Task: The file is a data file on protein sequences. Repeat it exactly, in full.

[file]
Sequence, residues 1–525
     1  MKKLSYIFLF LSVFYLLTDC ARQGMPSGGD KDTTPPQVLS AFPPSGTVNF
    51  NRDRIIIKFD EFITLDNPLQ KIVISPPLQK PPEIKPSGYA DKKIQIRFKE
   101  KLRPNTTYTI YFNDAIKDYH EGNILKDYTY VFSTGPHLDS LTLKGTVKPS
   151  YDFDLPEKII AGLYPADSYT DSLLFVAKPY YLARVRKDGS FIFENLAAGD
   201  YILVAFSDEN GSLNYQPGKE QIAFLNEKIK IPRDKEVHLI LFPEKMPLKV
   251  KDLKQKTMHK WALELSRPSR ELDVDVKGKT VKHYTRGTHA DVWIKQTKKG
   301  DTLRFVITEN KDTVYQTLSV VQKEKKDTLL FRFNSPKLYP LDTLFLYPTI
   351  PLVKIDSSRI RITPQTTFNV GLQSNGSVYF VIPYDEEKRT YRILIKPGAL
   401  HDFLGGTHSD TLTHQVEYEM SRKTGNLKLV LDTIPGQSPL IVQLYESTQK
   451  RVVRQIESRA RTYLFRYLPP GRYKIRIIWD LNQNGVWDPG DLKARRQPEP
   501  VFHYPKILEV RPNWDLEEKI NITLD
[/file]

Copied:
Sequence, residues 1–525
     1  MKKLSYIFLF LSVFYLLTDC ARQGMPSGGD KDTTPPQVLS AFPPSGTVNF
    51  NRDRIIIKFD EFITLDNPLQ KIVISPPLQK PPEIKPSGYA DKKIQIRFKE
   101  KLRPNTTYTI YFNDAIKDYH EGNILKDYTY VFSTGPHLDS LTLKGTVKPS
   151  YDFDLPEKII AGLYPADSYT DSLLFVAKPY YLARVRKDGS FIFENLAAGD
   201  YILVAFSDEN GSLNYQPGKE QIAFLNEKIK IPRDKEVHLI LFPEKMPLKV
   251  KDLKQKTMHK WALELSRPSR ELDVDVKGKT VKHYTRGTHA DVWIKQTKKG
   301  DTLRFVITEN KDTVYQTLSV VQKEKKDTLL FRFNSPKLYP LDTLFLYPTI
   351  PLVKIDSSRI RITPQTTFNV GLQSNGSVYF VIPYDEEKRT YRILIKPGAL
   401  HDFLGGTHSD TLTHQVEYEM SRKTGNLKLV LDTIPGQSPL IVQLYESTQK
   451  RVVRQIESRA RTYLFRYLPP GRYKIRIIWD LNQNGVWDPG DLKARRQPEP
   501  VFHYPKILEV RPNWDLEEKI NITLD